Featured

Journey to the Himalayas – an elevating experience

Have you ever set foot on a journey to the Himalayas – Alone? or may be with just one companion? Did you ever know that travelling can teach you much more subtle lessons of life than any other school, college or university? ‘Journey to the Himalayas – an elevating experience’ is one such journey..

A coffee table book which is not just a travelogue with lot of beautiful pictures that can tell you how to reach a particular place and what to buy and what not to buy or specifying places of visit. ‘Journey to the Himalayas’ is a book that can spiritually uplift you through the 18-day journey undertaken by two brothers in the wilderness of the Himalayas. The book promises that the reader will be tempted to make an attempt to visit, if not scale, the Himalayas at least once in his lifetime.

Take up the journey…and discover yourself.

For pre-order, contact:
Vinay Nair – vinay@sovm.org or +91 9820 509 484
Follow us on http://www.facebook.com/JourneyToTheHimalayasTheBook
Journey to the Himalayas Cover Final

Algorithm Design Workshop: Day 2 (April 2nd 2017)

images (6)

How would you feel if you were to work on one single Math problem for two hours at a stretch? Most people would never even dare to think about it. The second session of Algorithm Design Workshop saw 9-13 year old kids working on an algorithm and turning it into a flow chart for two hours. I have to admit that what they have discussed and discovered would seem to be a very challenging task for most students of Computer Science. The whole session was about the following (in the order in which the questions were discussed)
1. Why do we have leap years?
2. Why are years like 1700, 1800, 1900 not leap years but 1600 and 2000 are leap years?
3. What is the condition for a year to be a leap year?
4. Write an algorithm (for the computer) to check if the given year is a leap year or not.
5. Among the different possible Algorithms, how do we compare and decide a better Algorithm? (In the terms of Computer Science, how do we calculate the running time of the Algorithm).
6. How can we find an Optimal Algorithm (the best Algorithm)? And why is it the Optimal Algorithm?
7. How do we prove that there cannot be a better Algorithm than the Optimal Algorithm that we have got?

Any Computer Science student from India would agree that in the college curriculum, if a question on writing an algorithm is asked, they would cover at the most points 1-4 where the concept and figuring out an Algorithm would be discussed, but not points 5-7. Whereas, points 5-7 are the most important points a programmer would be (rather, should be) concerned about. It is the speed (running time) of a program that makes a program efficient. And if someone has to check if his Algorithm is the best, he needs tools from Mathematics to prove that there cannot be a better Algorithm than his.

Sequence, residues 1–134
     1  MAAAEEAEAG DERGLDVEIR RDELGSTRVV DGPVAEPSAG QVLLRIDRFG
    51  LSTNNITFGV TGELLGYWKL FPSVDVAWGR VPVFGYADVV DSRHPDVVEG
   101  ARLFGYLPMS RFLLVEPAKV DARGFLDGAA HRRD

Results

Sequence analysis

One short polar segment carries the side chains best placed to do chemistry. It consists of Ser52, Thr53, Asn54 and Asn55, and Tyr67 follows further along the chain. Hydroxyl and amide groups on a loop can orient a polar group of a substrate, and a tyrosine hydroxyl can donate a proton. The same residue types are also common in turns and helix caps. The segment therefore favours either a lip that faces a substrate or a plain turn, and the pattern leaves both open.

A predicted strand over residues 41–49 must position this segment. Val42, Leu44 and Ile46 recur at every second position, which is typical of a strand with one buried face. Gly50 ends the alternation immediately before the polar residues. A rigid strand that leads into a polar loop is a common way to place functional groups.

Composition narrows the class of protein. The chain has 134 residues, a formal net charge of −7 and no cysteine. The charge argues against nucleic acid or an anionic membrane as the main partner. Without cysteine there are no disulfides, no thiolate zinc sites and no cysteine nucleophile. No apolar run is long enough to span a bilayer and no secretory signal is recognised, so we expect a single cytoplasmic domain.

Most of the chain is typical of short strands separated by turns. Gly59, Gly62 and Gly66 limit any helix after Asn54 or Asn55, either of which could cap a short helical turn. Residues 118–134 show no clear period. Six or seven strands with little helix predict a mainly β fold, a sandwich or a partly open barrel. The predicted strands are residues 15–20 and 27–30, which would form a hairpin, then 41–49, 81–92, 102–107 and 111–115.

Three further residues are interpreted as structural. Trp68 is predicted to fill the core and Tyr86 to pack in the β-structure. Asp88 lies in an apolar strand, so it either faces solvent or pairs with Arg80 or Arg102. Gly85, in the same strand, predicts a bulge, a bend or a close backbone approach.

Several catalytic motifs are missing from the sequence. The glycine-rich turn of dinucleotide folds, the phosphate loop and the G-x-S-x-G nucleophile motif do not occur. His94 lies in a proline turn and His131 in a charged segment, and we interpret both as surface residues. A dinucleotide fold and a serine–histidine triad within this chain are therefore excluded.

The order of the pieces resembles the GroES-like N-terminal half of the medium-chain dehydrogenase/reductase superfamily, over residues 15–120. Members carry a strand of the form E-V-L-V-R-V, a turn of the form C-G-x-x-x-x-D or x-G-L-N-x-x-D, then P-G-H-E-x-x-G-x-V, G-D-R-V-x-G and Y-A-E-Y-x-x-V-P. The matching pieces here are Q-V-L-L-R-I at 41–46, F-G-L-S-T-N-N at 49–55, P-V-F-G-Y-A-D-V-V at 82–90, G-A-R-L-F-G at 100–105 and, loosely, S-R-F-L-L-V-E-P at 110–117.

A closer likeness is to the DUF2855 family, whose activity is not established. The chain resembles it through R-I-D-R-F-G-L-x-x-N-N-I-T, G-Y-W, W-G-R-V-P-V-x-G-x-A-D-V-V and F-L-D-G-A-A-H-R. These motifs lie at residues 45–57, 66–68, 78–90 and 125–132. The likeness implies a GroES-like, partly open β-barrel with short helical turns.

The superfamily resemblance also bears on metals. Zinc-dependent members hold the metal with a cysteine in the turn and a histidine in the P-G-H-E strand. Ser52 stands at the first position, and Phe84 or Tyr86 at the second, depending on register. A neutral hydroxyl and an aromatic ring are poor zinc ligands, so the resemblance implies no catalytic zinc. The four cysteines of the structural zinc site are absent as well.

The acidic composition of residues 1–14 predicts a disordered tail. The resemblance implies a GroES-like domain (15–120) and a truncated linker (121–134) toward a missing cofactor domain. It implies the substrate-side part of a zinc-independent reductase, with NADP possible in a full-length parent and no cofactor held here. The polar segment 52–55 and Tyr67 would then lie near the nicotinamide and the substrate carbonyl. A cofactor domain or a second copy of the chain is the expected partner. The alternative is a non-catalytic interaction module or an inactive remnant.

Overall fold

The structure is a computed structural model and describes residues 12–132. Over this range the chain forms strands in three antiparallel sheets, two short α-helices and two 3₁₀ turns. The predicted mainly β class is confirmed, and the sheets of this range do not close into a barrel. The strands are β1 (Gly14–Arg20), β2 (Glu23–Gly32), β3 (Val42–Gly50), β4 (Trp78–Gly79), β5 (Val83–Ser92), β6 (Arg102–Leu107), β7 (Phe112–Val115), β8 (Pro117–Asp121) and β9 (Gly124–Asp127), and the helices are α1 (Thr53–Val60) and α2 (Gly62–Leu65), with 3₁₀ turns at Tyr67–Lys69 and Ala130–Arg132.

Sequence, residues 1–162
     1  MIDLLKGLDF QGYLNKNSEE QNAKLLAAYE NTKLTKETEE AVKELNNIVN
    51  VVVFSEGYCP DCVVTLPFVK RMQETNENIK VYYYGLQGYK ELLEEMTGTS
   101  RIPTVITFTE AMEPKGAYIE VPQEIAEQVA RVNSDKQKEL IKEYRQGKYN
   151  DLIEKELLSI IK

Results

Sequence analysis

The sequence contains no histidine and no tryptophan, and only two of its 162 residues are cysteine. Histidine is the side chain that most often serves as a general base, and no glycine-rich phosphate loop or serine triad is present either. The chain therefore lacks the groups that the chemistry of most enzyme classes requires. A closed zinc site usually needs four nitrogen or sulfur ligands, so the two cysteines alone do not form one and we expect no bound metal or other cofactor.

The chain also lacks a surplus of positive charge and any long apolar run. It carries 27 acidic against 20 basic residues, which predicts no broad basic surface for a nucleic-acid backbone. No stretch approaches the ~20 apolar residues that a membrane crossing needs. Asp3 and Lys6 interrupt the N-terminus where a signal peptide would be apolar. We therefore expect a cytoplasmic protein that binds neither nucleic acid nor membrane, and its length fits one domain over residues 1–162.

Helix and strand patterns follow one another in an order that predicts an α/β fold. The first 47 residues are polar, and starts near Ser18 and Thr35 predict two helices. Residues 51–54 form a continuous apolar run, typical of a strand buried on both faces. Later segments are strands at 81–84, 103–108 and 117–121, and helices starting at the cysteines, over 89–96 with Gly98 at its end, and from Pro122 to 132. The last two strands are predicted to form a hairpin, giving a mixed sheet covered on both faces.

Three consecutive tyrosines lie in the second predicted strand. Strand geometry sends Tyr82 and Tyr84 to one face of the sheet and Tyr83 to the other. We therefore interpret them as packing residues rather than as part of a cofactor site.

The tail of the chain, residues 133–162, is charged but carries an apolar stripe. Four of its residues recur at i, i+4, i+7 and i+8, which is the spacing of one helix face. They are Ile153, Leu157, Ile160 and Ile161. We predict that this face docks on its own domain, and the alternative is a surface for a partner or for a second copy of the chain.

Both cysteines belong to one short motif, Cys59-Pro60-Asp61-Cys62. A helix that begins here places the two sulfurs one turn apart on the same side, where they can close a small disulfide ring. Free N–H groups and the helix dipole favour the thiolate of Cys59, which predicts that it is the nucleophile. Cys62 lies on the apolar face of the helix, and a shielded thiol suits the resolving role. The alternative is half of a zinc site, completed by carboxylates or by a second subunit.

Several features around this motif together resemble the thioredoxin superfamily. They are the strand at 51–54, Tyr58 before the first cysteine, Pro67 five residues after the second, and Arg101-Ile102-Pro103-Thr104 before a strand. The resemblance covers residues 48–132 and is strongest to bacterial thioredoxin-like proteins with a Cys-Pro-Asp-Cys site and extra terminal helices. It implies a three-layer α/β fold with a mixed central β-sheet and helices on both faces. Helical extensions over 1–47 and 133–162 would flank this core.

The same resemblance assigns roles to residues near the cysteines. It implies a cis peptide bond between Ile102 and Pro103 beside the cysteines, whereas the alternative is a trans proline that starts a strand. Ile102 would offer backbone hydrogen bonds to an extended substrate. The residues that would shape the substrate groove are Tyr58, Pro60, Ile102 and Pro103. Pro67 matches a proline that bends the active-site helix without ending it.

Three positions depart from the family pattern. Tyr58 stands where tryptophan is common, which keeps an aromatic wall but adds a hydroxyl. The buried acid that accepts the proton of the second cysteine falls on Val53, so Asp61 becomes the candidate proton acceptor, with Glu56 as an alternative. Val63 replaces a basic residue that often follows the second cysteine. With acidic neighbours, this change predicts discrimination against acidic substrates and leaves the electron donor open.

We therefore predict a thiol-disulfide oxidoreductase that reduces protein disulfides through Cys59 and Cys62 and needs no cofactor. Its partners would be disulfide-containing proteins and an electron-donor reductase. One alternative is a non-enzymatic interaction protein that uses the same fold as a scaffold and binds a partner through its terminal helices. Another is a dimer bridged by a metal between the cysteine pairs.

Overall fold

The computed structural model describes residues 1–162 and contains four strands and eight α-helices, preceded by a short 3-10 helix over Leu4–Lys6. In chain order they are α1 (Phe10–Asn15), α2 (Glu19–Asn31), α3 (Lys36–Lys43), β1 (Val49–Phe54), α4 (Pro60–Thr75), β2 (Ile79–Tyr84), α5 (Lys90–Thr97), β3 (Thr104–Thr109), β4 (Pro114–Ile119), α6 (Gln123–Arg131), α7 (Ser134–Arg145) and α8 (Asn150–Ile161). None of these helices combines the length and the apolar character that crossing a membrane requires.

For the readers who are not familiar with Algorithms, here’s what Algorithms are about. It is a step-by-step procedure for executing any task. When a programmer has to write a computer program, he needs to know a programming language and the logical process that will have to be taken into consideration for writing the program. This logical process is the Algorithm which turns into a Computer Program with the help of a Programming Language. Most students are taught programming languages, but rarely are they taught How to Program (how to develop the Algorithm/thought-process behind the program).

Coming back to the class. In one of two batches where we did the above topic, we completed upto point #6 and some students started to come up with answers for point #7. In the other batch, it was almost the same scenario and we discussed another question of finding day of the week for any given date. The objective was not to give out the solution for the problem but to make them think, strive and try to develop an algorithm for getting the result. Some of them got it at the first go while some struggled and still didn’t get it 100% correct. But what they learnt cannot be measured in quantifiable terms. They learnt that learning is not about getting the answer, but the attempt to arrive at getting the answer. They learnt that in the times when everyone wants a quick solution, real learning requires Time, Effort, Patience and Perseverance. And most of all, they learnt to Think.

As they finished one attempt for an Algorithm, they came up to me to check if it is correct. The others patiently waited in a line behind them. For them, the most challenging task was to understand what was wrong in their Algorithm. In fact, when it comes to questions on logic, many a times it is difficult to explain why is a process/solution wrong. But they were willing to think and make corrections in their Algorithm and come back again. This might have gone for about 3-4 times with each student in one of the batches. In the other batch, some students worked in groups and tried to solve the problem.

The​ most difficult task (and the most important one) was to compare two correct Algorithms and decide which one is a better choice. And the question that would concern a Computer Scientist was How to find the best Algorithm and prove that it is the best? To give you a taste, here are a couple of Algorithms that you might want to consider comparing.

Algorithm #1:

Enter a year
Ask the question – Is the year an odd number?
If Yes, then print – Not a Leap Year
Else (if No, then), , ask the question – Is the year divisible by 400?
If Yes, then print – It is a Leap Year